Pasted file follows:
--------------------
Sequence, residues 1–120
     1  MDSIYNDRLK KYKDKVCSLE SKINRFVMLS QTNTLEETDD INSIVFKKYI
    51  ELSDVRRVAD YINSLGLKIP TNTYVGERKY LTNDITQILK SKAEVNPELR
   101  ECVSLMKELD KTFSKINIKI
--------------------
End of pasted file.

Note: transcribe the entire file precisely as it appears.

Sequence, residues 1–120
     1  MDSIYNDRLK KYKDKVCSLE SKINRFVMLS QTNTLEETDD INSIVFKKYI
    51  ELSDVRRVAD YINSLGLKIP TNTYVGERKY LTNDITQILK SKAEVNPELR
   101  ECVSLMKELD KTFSKINIKI